Last evening the fleet enjoyed beers, margaritas and enchiladas at a Tortuga Bay restaurant. The event started early so that the "CUBARistas" could find their boats at anchor in the dark, and then sober-up for today's early morning departure to Magdalena Bay. Apparently this has been a problem in prior CUBARs.
The Wild Blue crew decided upon an early start, so they arose at 4:40 AM this morning, lifted the anchor in the dark, thanks to head lamps, and scooted out at 5AM well before the bulk of the fleet, for the 258 mile and 31 hour run. By 7:30, we were 20 miles down the course when the CUBAR boat Corky Row blasted by doing 25 knots! Wow!
It was a nice day on the ocean with most boats doing 8 to 8.5 knots with following seas and 5-10 knot winds. The 5:45PM sunset was spectacular, although we didn't catch the green flash.
|Sunset at Sea on the way to Mag Bay on Wednesday, November 12.|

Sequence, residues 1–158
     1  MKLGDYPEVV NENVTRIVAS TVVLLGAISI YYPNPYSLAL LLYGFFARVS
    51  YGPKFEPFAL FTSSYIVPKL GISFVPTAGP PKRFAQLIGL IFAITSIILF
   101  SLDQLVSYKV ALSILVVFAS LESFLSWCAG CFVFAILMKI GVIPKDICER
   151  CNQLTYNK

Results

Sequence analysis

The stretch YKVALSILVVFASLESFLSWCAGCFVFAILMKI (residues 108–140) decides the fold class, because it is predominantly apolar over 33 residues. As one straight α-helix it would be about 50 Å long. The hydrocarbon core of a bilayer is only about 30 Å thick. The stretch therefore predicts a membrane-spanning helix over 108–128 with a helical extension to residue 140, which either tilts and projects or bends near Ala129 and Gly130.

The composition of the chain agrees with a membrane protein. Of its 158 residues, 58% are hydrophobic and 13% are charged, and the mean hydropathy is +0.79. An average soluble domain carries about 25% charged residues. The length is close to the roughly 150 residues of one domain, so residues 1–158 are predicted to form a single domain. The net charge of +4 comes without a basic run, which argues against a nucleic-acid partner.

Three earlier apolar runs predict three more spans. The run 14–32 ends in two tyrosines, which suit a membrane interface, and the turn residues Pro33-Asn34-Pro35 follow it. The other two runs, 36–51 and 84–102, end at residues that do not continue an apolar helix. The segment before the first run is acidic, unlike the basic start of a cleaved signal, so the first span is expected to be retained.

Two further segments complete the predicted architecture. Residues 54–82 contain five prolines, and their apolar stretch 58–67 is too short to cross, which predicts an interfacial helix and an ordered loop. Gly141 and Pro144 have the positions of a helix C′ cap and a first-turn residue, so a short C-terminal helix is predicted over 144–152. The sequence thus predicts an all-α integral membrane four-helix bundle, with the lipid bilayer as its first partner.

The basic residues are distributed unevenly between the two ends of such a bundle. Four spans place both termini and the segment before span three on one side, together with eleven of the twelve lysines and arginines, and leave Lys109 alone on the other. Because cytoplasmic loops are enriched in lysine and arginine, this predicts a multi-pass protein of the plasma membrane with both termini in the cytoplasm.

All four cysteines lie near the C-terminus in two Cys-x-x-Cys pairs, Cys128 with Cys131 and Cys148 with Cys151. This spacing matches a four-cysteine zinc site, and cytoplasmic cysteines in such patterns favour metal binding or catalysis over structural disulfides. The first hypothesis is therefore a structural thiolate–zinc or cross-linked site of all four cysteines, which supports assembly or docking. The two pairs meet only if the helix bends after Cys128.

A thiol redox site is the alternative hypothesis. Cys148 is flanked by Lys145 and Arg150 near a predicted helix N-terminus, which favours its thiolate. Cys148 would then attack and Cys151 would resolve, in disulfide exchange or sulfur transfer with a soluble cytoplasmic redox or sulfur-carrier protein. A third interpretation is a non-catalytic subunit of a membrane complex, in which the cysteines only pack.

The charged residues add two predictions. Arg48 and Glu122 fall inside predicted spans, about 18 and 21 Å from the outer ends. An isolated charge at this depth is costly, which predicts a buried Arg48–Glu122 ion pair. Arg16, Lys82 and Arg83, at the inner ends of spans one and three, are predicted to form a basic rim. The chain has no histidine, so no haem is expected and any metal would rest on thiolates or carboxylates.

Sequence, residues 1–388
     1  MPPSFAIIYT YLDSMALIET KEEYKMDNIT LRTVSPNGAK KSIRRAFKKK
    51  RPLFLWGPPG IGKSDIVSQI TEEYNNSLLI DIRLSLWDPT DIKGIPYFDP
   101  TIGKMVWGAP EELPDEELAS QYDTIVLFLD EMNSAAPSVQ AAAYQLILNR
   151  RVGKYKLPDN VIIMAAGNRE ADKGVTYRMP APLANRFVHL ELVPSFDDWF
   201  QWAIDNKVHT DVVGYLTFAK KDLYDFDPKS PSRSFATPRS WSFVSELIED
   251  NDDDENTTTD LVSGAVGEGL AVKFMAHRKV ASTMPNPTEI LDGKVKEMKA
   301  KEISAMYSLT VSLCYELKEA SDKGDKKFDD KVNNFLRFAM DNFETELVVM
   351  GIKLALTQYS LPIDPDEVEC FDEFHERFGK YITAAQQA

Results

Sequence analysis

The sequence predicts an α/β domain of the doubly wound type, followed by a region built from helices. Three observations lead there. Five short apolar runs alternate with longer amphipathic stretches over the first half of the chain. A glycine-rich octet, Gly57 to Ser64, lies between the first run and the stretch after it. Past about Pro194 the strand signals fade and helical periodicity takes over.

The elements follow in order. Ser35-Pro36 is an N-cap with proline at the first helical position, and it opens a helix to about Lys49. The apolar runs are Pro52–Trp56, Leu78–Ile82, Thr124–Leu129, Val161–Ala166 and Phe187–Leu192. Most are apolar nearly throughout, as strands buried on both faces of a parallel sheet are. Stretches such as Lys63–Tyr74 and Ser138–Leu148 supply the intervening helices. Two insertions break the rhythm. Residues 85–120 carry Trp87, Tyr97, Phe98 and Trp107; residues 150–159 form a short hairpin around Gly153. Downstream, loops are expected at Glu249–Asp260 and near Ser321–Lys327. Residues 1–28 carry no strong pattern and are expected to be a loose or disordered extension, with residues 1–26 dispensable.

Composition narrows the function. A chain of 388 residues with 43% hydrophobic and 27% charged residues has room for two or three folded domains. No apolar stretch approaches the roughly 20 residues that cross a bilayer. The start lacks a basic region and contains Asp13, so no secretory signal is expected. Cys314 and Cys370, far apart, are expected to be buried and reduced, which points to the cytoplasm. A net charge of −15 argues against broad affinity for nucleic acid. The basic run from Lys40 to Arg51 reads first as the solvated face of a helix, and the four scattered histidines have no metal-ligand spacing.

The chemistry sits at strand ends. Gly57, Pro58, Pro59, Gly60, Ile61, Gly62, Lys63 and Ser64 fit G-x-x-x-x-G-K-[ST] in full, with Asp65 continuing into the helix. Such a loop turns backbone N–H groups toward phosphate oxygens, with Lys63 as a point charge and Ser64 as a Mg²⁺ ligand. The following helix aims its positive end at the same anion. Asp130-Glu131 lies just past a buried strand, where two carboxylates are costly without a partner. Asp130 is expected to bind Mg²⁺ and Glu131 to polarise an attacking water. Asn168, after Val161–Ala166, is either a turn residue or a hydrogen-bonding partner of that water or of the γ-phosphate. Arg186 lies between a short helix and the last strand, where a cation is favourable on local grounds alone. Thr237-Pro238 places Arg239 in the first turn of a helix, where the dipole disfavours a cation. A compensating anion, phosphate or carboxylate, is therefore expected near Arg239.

The night continued with a 1/4 moon showing up around 3AM. The wind lightened to 8 - 10 knots from the northwest. Seas were 3 - 5 feet from the northwest as well at times pushing the fleet into double digit speed down the course. Around 11:30AM, the bulk of the fleet arrived at the entrance to Bahia Magdelena in thick fog. There were reports of lobster floats and several pangas anchored just inside the entrance, and the AIS position from the boat reporting these served to pinpoint the obstacles for those following. By 2PM most of the fleet was anchored inside Mag Bay at Man O War Cove.
|The Outer Reef 65 Human Holiday emerges from thick fog on the|
way into Mag Bay.
|CUBAR Fleet anchored at Man O War Cove|
|Sunset at Man O War Cover, Bahia Magdelena, Baja Sur, Mexico|
|25-knot boats like Corky Row burn fuel. Here they load diesel from|
pangas loaded with fuel drums. The CUBAR organizers pre-ordered fuel
for those boats with small tanks or large appetites.